Headbloom Blog

Short and Sweet: Distinguishing abbreviations, acronyms, and initialisms
In an earlier blog, I had written about Americans using (written) internet abbreviations—like LOL and OMG—in their (spoken) conversations. Today, I’d like to revisit how American English shortens other expressions it uses in daily communication.

If you’ve lived or worked around Americans, you know their English is full of shortened ways to say things. One might believe this is because Americans are consumed with saving time, but in fact, all languages have shorter, more efficient ways of saying things when they want to. Because human minds work more quickly than their corresponding tongues, speakers are always looking for ways to get out more information with fewer syllables.

Three ways of doing this are with abbreviations, initialisms, and acronyms. Because these three types are often confused, let’s do a quick review.

Abbreviations are a shortened form of the entire expression.

  • TV /ti’vi/ – television
  • op-ed /ap’ed/ – opinion-editorial
  • Cal Tech /kael’tek/ – California Technological University

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Initialisms are pronounced one letter at a time. Note that the names of the letters tend to link together as they’re pronounced, with stress falling on the last letter.

  • USA /yuwe’sei/ – United States of America
  • TGIF /tidziyai’yef/ – Thank God It’s Friday
  • m.p.h. /empi’yaitsch/ – miles per hour

Acronyms are said as one word.

  • NATO /‘neitou/ – North Atlantic Treaty Organization
  • scuba /‘skuba/ – self-contained underwater breathing apparatus
  • NASA /‘naesa/ – National Space & Aeronautics Administration

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You should know that many Americans don’t recognize the distinction, often calling all three “abbreviations” when the expressions may be acronyms or initialisms. Don“t worry; just consider yourself smarter than most of your American friends now. grin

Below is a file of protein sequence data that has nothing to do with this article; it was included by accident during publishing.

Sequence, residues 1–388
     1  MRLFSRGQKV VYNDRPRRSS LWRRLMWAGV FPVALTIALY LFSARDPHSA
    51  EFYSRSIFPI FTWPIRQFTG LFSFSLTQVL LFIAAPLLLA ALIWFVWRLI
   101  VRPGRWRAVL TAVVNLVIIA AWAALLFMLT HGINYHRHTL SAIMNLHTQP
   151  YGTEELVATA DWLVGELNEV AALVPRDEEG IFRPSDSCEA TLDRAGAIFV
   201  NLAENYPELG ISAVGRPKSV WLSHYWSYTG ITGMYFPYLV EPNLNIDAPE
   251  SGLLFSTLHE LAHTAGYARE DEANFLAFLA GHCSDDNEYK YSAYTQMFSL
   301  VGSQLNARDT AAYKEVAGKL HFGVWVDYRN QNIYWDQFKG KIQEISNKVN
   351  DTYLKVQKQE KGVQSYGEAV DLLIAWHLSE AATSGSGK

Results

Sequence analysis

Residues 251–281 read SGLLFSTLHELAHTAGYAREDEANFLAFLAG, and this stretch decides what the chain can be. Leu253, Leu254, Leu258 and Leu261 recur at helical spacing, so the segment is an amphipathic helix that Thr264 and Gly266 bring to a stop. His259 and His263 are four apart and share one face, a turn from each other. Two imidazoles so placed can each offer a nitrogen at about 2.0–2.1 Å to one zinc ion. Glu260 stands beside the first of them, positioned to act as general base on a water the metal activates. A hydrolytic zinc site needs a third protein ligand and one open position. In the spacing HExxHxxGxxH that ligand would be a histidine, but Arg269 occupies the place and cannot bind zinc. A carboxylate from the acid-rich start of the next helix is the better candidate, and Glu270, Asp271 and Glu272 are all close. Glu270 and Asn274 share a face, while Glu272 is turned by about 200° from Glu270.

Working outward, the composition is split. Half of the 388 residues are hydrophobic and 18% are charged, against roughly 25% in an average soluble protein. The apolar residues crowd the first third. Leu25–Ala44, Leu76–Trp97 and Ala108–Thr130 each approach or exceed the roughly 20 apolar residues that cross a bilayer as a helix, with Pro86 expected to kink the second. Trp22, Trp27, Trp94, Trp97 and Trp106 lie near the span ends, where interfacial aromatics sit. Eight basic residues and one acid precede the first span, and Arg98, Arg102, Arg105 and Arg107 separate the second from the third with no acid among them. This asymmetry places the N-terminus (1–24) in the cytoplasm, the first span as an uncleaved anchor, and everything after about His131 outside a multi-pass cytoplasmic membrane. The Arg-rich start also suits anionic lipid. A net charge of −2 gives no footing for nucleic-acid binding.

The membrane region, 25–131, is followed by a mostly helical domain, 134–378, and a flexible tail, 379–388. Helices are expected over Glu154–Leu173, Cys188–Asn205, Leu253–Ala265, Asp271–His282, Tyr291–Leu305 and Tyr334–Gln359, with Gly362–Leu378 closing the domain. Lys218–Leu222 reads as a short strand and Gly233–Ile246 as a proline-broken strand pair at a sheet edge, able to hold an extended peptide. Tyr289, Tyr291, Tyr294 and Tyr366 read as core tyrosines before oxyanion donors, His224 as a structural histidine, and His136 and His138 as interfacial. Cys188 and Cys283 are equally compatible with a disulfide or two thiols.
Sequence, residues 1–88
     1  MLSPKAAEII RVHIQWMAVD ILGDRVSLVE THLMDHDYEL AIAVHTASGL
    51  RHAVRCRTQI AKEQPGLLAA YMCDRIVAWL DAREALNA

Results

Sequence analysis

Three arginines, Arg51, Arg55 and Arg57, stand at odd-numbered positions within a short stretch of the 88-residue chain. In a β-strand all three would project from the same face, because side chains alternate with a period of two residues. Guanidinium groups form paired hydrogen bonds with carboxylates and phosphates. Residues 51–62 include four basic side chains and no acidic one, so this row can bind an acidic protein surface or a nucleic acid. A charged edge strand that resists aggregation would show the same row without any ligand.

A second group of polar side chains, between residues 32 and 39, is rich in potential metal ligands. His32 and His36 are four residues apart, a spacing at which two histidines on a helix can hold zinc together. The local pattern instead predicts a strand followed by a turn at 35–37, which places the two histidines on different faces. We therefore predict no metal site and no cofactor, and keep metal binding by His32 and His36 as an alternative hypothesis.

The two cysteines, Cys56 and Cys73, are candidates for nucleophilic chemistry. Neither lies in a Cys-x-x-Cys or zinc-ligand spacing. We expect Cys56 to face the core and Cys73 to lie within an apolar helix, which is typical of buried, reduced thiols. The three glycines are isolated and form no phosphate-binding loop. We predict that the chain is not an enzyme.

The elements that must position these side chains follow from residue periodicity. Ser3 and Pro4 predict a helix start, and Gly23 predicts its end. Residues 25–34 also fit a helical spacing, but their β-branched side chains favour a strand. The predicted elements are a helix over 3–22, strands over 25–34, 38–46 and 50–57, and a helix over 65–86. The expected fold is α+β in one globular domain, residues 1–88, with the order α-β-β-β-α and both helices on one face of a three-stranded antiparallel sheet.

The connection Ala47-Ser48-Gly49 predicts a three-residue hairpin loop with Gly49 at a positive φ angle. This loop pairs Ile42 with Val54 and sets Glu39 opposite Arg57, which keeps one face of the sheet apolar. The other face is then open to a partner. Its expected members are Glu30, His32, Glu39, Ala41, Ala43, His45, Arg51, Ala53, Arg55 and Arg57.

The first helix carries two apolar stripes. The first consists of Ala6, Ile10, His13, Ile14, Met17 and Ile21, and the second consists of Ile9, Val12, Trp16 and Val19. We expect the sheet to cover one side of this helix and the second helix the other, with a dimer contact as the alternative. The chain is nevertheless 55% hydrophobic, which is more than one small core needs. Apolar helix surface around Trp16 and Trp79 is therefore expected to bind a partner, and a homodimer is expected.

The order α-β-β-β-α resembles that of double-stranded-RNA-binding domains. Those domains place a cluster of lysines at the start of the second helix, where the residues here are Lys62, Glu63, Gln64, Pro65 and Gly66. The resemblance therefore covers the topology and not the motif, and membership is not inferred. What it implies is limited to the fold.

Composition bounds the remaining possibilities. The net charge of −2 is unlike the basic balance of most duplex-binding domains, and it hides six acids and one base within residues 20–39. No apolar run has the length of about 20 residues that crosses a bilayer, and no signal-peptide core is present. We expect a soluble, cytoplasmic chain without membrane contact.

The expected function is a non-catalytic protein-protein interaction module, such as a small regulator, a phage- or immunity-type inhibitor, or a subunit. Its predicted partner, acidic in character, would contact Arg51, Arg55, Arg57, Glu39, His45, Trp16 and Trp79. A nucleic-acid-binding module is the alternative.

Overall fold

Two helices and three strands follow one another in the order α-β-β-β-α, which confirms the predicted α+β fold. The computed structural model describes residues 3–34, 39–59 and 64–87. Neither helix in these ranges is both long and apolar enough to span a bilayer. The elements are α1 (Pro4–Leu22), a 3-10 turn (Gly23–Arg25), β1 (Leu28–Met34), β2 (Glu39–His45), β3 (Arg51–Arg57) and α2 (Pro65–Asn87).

Below are some common short forms in English. Do you know what they stand for? Can you pick out the seven acronyms that are pronounced as one word? (Answers are below.)
1. VIP
2. NASCAR
3. CEO

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4. IQ
5. R&D
6. AIDS
7. r.p.m.
8. P.O.
9. JPEG
10. ZIP code
11. NYPD
12. YMCA
13. PhD
14. radar
15. JD
16. PJs

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17. ESL
18. ASAP
19. OPEC
20. RSVP
21. AAA
22. vs.
23. IMO
24. PIN
25. NFL
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If you would like a list of the 100 most common American English short forms, write me at alan@headbloom.com and I’ll mail it to you. Below are the answers to the short forms above.

1. VIP /viyai’pi/ very important person
2. NASCAR /‘naeskar/ National Association for Stock Car Auto Racing
3. CEO /siyi’yo/ Chief Executive Officer
4. IQ /ai’kyu/ – intelligence quotient [test score]
5. R&D /aren’di/ research and development
6. AIDS /eidz/ acquired immune deficiency syndrome
7. r.p.m. /arpi’yem/ revolutions per minute
8. P.O. box /piyou ‘baks/ post office box
9. JPEG /‘dzeipeg/ Joint Photographic Experts Group
10. ZIP code /‘zip koud/ Zone Improvement Program [mailing]
11. NYPD /enwaipi’di/ New York Police Department
12. YMCA /waiyemsi’yei/ Young Men’s Christian Association
13. PhD /piyeitsch’di/ Doctor(ate) of Philosophy
14. radar /‘reidar/ radio detecting and ranging
15. JD /dzei’di/ Juris Doctor(ate) [law degree]
16. PJs /‘pidzeiz/ pajamas
17. ESL /iye’sel/ English as a Second Language
18. ASAP /eiyesei’pi/ as soon as possible
19. OPEC /‘oupek/ Oil Producing & Exporting Countries
20. RSVP = /aresvi’pi/ Repondez s’il vous plait [Please respond to invitation.]
21. AAA = /tripe’lei/ Automobile Association of America
22. vs. /‘versez/ versus [against]
23. IMO /aiye’mou/ in my opinion
24. PIN /pin/ personal identification number
25. NFL /ene’fel/ National Football League

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Alan Headbloom